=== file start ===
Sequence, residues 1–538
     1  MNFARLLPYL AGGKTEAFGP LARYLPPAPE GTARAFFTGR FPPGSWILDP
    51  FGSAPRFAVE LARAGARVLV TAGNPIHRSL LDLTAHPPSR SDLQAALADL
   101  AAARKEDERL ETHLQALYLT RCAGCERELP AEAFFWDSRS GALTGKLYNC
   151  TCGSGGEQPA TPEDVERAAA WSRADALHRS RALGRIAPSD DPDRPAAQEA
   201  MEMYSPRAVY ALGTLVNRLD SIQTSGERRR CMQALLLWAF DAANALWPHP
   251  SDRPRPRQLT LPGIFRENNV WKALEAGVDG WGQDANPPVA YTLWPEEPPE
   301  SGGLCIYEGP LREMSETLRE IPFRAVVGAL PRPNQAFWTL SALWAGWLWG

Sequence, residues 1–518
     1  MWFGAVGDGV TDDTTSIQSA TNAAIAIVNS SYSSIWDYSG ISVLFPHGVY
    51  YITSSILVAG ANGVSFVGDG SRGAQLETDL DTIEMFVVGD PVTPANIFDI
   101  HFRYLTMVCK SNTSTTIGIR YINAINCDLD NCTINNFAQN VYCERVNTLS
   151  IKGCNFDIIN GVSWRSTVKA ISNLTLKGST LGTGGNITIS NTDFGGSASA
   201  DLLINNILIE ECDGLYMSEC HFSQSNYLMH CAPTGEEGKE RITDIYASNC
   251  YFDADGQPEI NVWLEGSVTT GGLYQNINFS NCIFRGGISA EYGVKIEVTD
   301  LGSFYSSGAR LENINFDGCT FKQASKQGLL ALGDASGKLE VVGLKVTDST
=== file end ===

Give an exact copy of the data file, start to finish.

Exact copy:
Sequence, residues 1–538
     1  MNFARLLPYL AGGKTEAFGP LARYLPPAPE GTARAFFTGR FPPGSWILDP
    51  FGSAPRFAVE LARAGARVLV TAGNPIHRSL LDLTAHPPSR SDLQAALADL
   101  AAARKEDERL ETHLQALYLT RCAGCERELP AEAFFWDSRS GALTGKLYNC
   151  TCGSGGEQPA TPEDVERAAA WSRADALHRS RALGRIAPSD DPDRPAAQEA
   201  MEMYSPRAVY ALGTLVNRLD SIQTSGERRR CMQALLLWAF DAANALWPHP
   251  SDRPRPRQLT LPGIFRENNV WKALEAGVDG WGQDANPPVA YTLWPEEPPE
   301  SGGLCIYEGP LREMSETLRE IPFRAVVGAL PRPNQAFWTL SALWAGWLWG

Sequence, residues 1–518
     1  MWFGAVGDGV TDDTTSIQSA TNAAIAIVNS SYSSIWDYSG ISVLFPHGVY
    51  YITSSILVAG ANGVSFVGDG SRGAQLETDL DTIEMFVVGD PVTPANIFDI
   101  HFRYLTMVCK SNTSTTIGIR YINAINCDLD NCTINNFAQN VYCERVNTLS
   151  IKGCNFDIIN GVSWRSTVKA ISNLTLKGST LGTGGNITIS NTDFGGSASA
   201  DLLINNILIE ECDGLYMSEC HFSQSNYLMH CAPTGEEGKE RITDIYASNC
   251  YFDADGQPEI NVWLEGSVTT GGLYQNINFS NCIFRGGISA EYGVKIEVTD
   301  LGSFYSSGAR LENINFDGCT FKQASKQGLL ALGDASGKLE VVGLKVTDST